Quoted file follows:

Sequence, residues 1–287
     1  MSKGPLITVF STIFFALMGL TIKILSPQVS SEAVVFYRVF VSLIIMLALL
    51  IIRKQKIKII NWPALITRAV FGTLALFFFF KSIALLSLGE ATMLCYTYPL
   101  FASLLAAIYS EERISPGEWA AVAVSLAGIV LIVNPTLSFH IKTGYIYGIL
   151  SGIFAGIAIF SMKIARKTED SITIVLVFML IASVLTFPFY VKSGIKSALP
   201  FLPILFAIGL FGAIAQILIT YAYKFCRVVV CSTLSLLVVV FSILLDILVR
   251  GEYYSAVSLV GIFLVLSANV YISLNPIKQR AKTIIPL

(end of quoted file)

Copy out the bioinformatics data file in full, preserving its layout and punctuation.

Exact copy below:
Sequence, residues 1–287
     1  MSKGPLITVF STIFFALMGL TIKILSPQVS SEAVVFYRVF VSLIIMLALL
    51  IIRKQKIKII NWPALITRAV FGTLALFFFF KSIALLSLGE ATMLCYTYPL
   101  FASLLAAIYS EERISPGEWA AVAVSLAGIV LIVNPTLSFH IKTGYIYGIL
   151  SGIFAGIAIF SMKIARKTED SITIVLVFML IASVLTFPFY VKSGIKSALP
   201  FLPILFAIGL FGAIAQILIT YAYKFCRVVV CSTLSLLVVV FSILLDILVR
   251  GEYYSAVSLV GIFLVLSANV YISLNPIKQR AKTIIPL